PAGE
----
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Replica A7V in Panzermuseum Munster, Germany.
|Place of origin||German Empire|
|In service||21 March 1918 – 16 October 1918|
|Used by||German Empire|
|Wars||World War I|
|Weight||33 t (32 long tons; 36 short tons) battle weight|
|Length||7.34 m (24 ft 1 in)|
|Width||3.1 m (10 ft 2 in)|
|Height||3.3 m (10 ft 10 in)|
|Armor||Hull – Front: 30 mm (1.2 in), rear & sides: 15 mm (0.59 in), top:6 mm (0.24 in)
Command copula – Front: 20 mm (0.79 in), rear & sides: 15 mm (0.59 in), top 5 mm (0.20 in)
|57 mm gun
(initially with 180 rounds; later 300)
|6 × 7.9 mm machine guns
|Engine||2 × Daimler-Benz 4-cylinder
200 hp (149 kW) total
|Transmission||Adler gearboxes and differentials|
|Suspension||Holt track, vertical springs|
|30–80 km (19–50 mi)|
|Speed||15 kilometres per hour (9.3 mph) on roads
4 mph cross-country
- 1 History
- 2 Design
- 3 Armament
- 4 Propulsion
- 5 Combat history
- 6 After the war
- 7 A7V chassis listing
- 8 Variant
- 9 Surviving example
- 10 Replicas
- 11 In popular culture
- 12 See also
- 13 References
- 14 External links
HistoryFollowing the appearance of the first British tanks on the Western Front, the Allgemeines Kriegsdepartement, 7. Abteilung, Verkehrswesen ("General War Department, 7th Branch, Transportation"), was formed in September 1916.
The project to design and build the first German tank was placed under the direction of Joseph Vollmer, a reserve captain and engineer. It was to have a mass of around 30 tons, be capable of crossing ditches up to 1.5 metres wide, have armament including cannon at the front and rear as well as several machine-guns, and reach a top speed of at least 12 km/h. The running gear was based on the Holt tractor, copied from examples loaned by the Austrian Army. After initial plans were shared with the Army in December 1916, the design was extended to be a universal chassis that could be used as a base for both a tank and unarmoured Überlandwagen ("over-land vehicle") cargo carriers.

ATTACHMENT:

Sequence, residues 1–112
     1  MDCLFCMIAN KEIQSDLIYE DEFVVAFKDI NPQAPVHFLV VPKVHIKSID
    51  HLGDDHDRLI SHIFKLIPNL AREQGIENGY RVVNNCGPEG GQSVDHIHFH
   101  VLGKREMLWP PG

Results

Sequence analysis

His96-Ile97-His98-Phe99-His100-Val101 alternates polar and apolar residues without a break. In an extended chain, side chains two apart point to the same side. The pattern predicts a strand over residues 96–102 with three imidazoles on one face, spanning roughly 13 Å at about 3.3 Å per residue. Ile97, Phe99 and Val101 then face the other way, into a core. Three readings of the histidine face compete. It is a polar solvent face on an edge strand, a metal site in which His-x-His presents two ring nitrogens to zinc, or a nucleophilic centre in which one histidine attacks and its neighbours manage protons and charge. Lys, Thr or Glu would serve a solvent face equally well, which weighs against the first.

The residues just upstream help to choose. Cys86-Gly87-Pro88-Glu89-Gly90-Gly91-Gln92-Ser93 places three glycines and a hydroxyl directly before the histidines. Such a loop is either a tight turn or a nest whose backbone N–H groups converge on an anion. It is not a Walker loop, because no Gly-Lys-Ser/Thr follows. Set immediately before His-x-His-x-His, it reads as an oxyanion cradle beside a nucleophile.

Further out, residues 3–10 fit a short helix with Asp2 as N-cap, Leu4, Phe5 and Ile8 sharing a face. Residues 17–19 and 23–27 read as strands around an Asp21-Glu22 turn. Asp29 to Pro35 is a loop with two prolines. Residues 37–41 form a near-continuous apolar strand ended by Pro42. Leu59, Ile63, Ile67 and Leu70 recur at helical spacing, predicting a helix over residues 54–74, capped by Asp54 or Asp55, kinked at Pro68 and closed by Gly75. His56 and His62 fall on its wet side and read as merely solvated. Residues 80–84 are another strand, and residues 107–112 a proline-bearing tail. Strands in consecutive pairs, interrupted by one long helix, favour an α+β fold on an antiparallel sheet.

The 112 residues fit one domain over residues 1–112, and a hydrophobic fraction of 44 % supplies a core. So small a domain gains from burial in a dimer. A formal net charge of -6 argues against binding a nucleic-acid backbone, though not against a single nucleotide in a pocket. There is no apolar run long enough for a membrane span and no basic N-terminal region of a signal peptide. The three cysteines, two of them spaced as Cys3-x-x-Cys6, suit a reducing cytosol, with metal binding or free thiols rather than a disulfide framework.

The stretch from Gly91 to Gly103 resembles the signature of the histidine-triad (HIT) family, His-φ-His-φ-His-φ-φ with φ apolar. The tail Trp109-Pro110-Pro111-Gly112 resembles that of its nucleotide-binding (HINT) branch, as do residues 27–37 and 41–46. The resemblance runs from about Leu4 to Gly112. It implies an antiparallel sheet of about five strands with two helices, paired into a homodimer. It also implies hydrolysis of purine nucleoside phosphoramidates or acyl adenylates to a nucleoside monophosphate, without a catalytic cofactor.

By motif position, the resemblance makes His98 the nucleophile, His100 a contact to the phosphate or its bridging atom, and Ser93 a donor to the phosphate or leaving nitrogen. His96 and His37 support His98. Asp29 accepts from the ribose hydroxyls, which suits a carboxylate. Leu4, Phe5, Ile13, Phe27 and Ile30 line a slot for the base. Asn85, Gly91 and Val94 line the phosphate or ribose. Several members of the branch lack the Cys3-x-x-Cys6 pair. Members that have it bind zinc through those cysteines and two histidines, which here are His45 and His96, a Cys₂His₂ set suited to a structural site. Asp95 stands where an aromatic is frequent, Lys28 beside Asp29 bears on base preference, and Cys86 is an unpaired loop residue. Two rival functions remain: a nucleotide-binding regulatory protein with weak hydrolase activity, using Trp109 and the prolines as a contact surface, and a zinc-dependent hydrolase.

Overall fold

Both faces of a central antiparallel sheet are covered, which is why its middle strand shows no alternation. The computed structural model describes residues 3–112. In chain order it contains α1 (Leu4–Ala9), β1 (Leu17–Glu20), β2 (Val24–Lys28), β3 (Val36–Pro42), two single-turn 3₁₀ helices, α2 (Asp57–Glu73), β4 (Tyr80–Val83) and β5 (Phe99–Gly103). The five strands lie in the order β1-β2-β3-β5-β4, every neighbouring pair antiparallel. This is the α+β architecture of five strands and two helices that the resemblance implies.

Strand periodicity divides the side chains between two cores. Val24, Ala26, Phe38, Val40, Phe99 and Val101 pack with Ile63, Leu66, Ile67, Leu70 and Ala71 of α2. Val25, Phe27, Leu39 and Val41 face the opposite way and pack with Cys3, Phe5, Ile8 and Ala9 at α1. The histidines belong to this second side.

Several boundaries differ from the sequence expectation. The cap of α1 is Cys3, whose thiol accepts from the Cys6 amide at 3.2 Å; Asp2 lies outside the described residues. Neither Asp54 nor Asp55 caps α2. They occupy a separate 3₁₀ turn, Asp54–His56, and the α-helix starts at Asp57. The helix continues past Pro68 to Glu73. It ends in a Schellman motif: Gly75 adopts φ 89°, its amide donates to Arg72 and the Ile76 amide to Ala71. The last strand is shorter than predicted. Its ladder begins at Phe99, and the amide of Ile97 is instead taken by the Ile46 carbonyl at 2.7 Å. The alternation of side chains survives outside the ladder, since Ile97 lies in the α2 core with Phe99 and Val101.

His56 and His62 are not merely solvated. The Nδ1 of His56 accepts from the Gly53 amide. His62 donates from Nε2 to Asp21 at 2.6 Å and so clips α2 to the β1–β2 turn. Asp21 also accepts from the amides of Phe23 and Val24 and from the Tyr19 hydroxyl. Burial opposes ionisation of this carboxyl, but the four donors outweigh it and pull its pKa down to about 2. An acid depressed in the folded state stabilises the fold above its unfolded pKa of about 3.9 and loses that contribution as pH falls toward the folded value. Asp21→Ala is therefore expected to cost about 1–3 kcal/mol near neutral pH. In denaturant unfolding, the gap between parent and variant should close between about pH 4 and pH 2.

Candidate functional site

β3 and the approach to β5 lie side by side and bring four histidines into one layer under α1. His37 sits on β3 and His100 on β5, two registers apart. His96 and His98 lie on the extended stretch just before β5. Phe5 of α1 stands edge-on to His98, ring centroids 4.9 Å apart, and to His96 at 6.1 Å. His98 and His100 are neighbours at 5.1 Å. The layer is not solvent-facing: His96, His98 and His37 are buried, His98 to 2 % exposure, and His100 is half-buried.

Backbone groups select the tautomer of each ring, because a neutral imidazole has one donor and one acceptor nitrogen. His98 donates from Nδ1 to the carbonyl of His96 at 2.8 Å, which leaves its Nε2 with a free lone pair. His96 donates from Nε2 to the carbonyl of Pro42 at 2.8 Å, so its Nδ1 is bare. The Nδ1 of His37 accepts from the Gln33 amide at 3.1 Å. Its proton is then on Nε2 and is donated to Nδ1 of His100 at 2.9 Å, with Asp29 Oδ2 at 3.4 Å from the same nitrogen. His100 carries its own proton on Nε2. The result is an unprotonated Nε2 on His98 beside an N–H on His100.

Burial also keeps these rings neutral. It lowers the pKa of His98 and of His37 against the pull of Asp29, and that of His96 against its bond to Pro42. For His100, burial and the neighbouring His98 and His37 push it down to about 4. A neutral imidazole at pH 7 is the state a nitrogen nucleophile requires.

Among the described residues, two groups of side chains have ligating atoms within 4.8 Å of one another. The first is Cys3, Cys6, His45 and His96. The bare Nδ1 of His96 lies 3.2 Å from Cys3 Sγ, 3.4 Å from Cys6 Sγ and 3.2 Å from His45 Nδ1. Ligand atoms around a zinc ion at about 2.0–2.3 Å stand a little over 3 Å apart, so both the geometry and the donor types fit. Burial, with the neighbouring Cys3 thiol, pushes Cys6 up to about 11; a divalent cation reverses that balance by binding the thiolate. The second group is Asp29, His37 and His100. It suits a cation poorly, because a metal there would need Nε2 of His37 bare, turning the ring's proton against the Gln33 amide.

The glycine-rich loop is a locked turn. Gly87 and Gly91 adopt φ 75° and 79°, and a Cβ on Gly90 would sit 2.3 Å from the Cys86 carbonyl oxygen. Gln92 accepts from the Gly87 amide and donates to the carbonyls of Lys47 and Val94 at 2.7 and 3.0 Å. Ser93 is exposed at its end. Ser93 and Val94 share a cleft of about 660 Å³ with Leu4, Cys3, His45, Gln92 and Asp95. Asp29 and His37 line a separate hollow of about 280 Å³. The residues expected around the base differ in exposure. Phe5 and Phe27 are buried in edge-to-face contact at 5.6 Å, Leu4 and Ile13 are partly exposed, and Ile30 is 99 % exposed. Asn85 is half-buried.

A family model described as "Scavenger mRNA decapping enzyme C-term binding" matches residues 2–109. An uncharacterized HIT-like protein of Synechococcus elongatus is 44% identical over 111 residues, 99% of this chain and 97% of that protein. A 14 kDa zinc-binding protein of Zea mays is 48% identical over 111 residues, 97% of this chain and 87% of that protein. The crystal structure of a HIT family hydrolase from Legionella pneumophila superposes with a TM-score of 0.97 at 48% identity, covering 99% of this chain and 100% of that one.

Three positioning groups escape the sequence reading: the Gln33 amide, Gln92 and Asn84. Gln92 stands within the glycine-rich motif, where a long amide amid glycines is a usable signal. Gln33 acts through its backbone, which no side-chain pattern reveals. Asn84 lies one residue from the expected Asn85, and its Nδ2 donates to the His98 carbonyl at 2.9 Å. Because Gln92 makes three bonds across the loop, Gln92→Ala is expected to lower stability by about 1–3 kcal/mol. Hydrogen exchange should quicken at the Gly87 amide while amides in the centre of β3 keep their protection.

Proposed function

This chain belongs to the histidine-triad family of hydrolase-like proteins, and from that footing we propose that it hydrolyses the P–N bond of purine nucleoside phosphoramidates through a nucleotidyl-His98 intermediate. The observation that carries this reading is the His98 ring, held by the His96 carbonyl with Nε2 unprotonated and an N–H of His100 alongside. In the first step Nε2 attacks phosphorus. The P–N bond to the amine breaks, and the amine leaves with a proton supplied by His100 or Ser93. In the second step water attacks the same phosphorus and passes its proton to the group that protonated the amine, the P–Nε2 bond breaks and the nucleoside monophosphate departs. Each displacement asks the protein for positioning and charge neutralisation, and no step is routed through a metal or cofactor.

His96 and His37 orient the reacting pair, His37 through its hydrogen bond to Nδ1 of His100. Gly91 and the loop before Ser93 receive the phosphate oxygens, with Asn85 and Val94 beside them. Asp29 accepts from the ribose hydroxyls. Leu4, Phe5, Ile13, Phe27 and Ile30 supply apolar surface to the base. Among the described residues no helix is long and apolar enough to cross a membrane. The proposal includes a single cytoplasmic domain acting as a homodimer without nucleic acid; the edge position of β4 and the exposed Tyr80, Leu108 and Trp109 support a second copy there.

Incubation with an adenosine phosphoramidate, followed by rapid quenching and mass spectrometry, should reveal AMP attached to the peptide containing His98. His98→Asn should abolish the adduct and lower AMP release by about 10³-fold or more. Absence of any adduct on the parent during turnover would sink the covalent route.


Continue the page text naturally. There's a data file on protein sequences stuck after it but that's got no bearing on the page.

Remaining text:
The first prototype was completed by Daimler-Motoren-Gesellschaft at Berlin-Marienfelde and tested on 30 April 1917. A wooden mockup of a final version was completed in May 1917 and demonstrated in Mainz with 10 tons of ballast to simulate armour. During final design, the rear-facing cannon was removed and the number of machine-guns was increased to six. The first pre-production A7V was produced in September 1917, followed by the first production model in October 1917. The tanks were given to Assault Tank Units 1 and 2, founded on 20 September 1917, each with five officers and 109 NCOs and soldiers.
NamingThe tank's name was derived from that of its parent organization, Allgemeines Kriegsdepartement, 7. Abteilung, Verkehrswesen. In German, the tank was called Sturmpanzerwagen, (roughly "armoured assault vehicle").
DesignThe A7V was 7.34 metres (24.1 ft) long, 3 metres (9.8 ft) wide, and the maximum height was 3.3 metres (11 ft). The tank had 20 mm of steel plate at the sides, 30 mm at the front and 10 mm for the roof; however, the steel was not hardened armour plate, which reduced its effectiveness. It was thick enough to stop machine-gun and rifle fire, but not larger calibre rounds. This offered protection comparable to the thinner armour of other tanks of the period, which used hardened steel.
The crew normally consisted of up to seventeen soldiers and one officer: commander (officer, typically a lieutenant), driver, mechanic, mechanic/signaller, twelve infantrymen (six machine gunners, six loaders), and two artillerymen (main gunner and loader).
AmmunitionBetween 40 and 60 cartridge belts, each of 250 rounds, were carried; as well as 180 shells for the main gun, split 90:54:36 between canister, antitank, and explosive. These were the official figures — up to 300 rounds for the main gun were stowed for combat.
The "female" variant had two more machine guns in place of the main gun. It is believed that only chassis number 501 saw combat as a female before being converted to accommodate the 5.7 cm gun.
PropulsionPower came from two centrally mounted Daimler 4-cylinder petrol engines delivering 75 kW (101 hp) each; the A7V carried 500 litres (110 imp gal) of fuel. The top speed was about 15 kilometres per hour (9.3 mph) on roads and 5 kilometres per hour (3.1 mph) across country. The 24 wheel suspension was individually sprung—an advantage over the unsprung British tanks.